May 10, 2012
(++++) ZOMBIES AND OTHER AMUSEMENTS
Zombie Parents and Other Hopes for a More Perfect World: “Zits” Sketchbook 15. By Jerry Scott and Jim Borgman. Andrews McMeel. $12.99.
Lunch Lady No. 7: Lunch Lady and the Mutant Mathletes. By Jarrett J. Krosoczka. Knopf. $6.99.
Stone Rabbit #7: Dragon Boogie. By Erik Craddock. Random House. $6.99.
DUDE No. 2: Write! Draw! Destroy! By Mickey & Cheryl Gill. Fine Print Publishing. $7.99.
This is getting boring. Not “this” as in Zits, but “this” as in finding new ways to say just how good Zits is. Form the very first page of Zombie Parents, which includes Jim Borgman’s portrayal of Jeremy’s dad using an old video camera as being visually equivalent to cranking an ancient car, and shows Jeremy wearing a hazmat suit to dispose of a razor his mom borrowed to shave her legs, the absolutely ordinary but entirely surreal world of the Duncans is hysterically funny and completely apt. Anyone who has ever been a teenager or lived with one will find Zombie Parents resonant throughout – but it will resonate at different frequencies, depending on who is reading it. One of the things that artist Borgman and writer Jerry Scott do remarkably well is create strips with simultaneous dual perspectives. For example, Jeremy’s mom, Connie, practically tears her hair out as Jeremy barges past her on the way to school – late, as usual. She asks, quite reasonably, why he always waits until the last minute, and he says it is exciting and entertaining; and when she says, “It drives me insane,” Jeremy replies, “That’s the entertaining part.” Teens and their parents will both laugh at the strip, but for exactly opposite reasons – there is a lot of conflicting worldview in a mere three-panel space. Or Jeremy’s dad, Walt, calls and asks to speak with Connie, and Jeremy asks, “You mean right now?” So Walt sarcastically says he will just hold until she happens to walk by – and Jeremy, oblivious to the sarcasm, thinks, “Sweet.” Again, same occurrence, different mindsets. Add in the wonderful transformations that Borgman produces of the characters – Jeremy literally rather than metaphorically being a gigantic snail when taking out the trash, Jeremy and Connie drawn as totally different but equally hysterical aliens to illustrate the “different universes” concept – and you have a marvelous melding of words and art even before you stumble on the dozen “reasons why zombies would make cool parents” strips that give this collection its title. For example, reason 3: “Less emphasis on personal appearance,” with Jeremy saying, “I’m not wearing a jacket, but then again, you’re missing several vital organs.” Really, the biggest problem in reading Zits is knowing when, if at all, to stop.
Graphic novels for younger readers do not aspire to the Zits level, much less attain it, but they can certainly be fun in their own way. The seventh Lunch Lady and Stone Rabbit books, which both get (+++) ratings, hew to the formulas of their respective series and will be just as much fun – no more, no less – as previous entries. In Lunch Lady and the Mutant Mathletes, Jarrett J. Krosoczka’s unlikely super-heroic server encounters the evil mutants of Willowby Academy, where she runs afoul of the school’s janitor and is rescued, surprisingly, by the usually grumpy and complaining janitor of her own Thompson Brook School. Lunch Lady has her usual remarks: “What in the horseradish?” “Sweet BBQ sauce!” And she uses her usual weapons: licorice rope, plastic-wrap wrangler, tong sais. Also as usual, there is no reason to ask why a batch of super-powerful mutants (defeatable only through the power of eggs) would exist for the sole purpose of winning math trophies. Nor is there reason to ask much of anything about Dragon Boogie, in which Stone Rabbit and his friends Henri and Andy have to play a sort of dungeons-and-dragons board game when the electricity powering their more up-to-date entertainments goes out – and soon find themselves transported into the game, courtesy of some dice from “Larry, that loser who works at the creepy old antiques shop.” And they must defeat the Dark Lord in order to escape the game – with some help from an inept wizard who, in the funniest scene in the book, manages to change a dragon’s fire breath into “sweet apricot molasses.” The Lunch Lady and Stone Rabbit books are not to be taken at all seriously, but are fun to read and look at quickly before moving on to something else.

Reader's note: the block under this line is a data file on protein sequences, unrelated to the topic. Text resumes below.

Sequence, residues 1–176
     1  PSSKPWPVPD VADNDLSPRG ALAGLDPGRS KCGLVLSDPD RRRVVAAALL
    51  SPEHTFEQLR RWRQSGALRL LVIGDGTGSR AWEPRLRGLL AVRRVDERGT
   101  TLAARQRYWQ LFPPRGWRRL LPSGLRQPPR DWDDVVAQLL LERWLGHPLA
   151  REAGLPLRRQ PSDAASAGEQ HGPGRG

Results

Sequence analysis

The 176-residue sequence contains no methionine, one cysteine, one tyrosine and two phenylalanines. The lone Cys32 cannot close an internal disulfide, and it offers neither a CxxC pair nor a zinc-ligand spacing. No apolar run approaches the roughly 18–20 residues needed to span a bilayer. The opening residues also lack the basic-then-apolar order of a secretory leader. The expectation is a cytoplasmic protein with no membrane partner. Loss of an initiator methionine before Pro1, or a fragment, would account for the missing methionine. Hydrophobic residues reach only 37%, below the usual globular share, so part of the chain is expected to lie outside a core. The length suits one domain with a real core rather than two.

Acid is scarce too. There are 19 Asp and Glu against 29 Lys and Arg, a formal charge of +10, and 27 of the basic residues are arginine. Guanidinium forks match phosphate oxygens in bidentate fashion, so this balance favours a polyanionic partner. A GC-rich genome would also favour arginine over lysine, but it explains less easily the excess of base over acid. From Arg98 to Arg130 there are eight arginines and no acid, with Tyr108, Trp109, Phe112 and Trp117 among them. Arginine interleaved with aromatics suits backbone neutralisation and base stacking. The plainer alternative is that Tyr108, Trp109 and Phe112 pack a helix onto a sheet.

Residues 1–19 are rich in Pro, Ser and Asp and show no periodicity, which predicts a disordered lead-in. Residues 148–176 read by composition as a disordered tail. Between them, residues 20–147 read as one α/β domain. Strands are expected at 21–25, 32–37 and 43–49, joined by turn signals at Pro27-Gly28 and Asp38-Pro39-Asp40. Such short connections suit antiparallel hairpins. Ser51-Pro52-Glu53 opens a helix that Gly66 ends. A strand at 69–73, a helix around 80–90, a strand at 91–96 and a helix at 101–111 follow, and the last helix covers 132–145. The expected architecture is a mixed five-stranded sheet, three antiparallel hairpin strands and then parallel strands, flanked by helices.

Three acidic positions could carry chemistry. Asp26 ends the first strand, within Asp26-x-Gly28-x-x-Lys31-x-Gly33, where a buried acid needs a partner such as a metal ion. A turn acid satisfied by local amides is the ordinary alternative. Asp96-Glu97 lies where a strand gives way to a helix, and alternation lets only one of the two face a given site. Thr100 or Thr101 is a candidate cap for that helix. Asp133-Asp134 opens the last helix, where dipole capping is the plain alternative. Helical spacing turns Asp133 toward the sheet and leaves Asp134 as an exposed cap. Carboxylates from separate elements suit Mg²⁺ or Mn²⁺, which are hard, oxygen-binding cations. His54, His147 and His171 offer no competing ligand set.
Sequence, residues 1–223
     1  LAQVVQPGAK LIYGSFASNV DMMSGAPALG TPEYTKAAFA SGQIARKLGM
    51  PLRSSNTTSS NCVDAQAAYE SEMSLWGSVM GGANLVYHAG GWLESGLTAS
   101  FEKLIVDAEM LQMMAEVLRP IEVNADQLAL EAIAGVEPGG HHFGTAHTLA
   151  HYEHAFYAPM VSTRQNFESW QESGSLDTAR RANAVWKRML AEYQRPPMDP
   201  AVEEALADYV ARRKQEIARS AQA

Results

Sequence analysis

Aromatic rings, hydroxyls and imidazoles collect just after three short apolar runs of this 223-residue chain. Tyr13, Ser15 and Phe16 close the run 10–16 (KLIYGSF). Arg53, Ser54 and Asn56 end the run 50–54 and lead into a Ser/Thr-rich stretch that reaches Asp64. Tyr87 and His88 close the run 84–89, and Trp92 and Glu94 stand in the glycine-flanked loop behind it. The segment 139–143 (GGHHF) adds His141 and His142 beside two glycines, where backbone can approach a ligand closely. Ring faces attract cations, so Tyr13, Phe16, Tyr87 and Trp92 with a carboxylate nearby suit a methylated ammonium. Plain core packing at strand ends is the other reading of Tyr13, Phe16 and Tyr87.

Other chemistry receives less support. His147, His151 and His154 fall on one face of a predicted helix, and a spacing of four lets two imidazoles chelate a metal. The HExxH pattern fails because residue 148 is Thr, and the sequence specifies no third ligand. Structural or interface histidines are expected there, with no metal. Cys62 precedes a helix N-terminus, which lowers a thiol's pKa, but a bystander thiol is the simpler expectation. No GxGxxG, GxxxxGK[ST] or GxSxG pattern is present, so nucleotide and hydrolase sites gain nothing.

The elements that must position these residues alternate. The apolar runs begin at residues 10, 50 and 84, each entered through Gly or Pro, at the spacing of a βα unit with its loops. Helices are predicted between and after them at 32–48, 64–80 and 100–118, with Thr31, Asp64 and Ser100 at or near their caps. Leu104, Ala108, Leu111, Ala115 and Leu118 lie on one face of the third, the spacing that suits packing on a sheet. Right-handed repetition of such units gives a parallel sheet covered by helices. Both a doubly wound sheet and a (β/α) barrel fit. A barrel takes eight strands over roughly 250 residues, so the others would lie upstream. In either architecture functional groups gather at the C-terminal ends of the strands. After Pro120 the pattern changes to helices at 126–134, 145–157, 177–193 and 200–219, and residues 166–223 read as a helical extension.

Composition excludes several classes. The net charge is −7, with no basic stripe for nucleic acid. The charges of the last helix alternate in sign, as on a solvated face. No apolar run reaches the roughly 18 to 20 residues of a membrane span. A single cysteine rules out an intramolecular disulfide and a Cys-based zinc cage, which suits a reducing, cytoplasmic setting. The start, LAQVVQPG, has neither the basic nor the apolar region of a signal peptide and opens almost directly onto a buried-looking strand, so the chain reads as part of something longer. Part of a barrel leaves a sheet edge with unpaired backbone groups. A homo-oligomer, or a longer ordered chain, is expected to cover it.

Something such as, maybe, DUDE No. 2, which is not so much a book as a collection of posters, signs and questions for preteen boys who cannot think up enough silliness and gross-out ideas on their own. This would seem to be a fairly limited market, but this (+++) production certainly serves it well. There are smiley faces (which are not smiling) to be attached to toilet paper, saying “You’re gonna put me where?” and “Don’t even think about using me there!” There are bathroom-door hangers: “Dangerous Fumes – Stay Back 25 feet.” There are keep-out-of-my-room signs: “Warning: Wear Eye Protection – exposure to my brilliant awesomeness may cause temporary blindness.” There are blank pages on which to draw robots or evil scientific experiments, a page called “build a barf-inducing burger,” comments on dung beetles and poop, a sort of “Mad Libs” page with an alien-invasion theme, a Bigfoot picture on which to draw a T-shirt or baseball cap to help him “blend in,” a maze shaped like a brain, quizzes with questions such as whether you would rather spit sesame seeds or sneeze crushed ice, and similar inanities. There is nothing the slightest bit “socially redeeming” about any of this, and is not supposed to be. If immature gross-out humor is your thing, you still won’t find much of it here, but you’ll find a little, and if you’re sufficiently immature, that will probably be enough.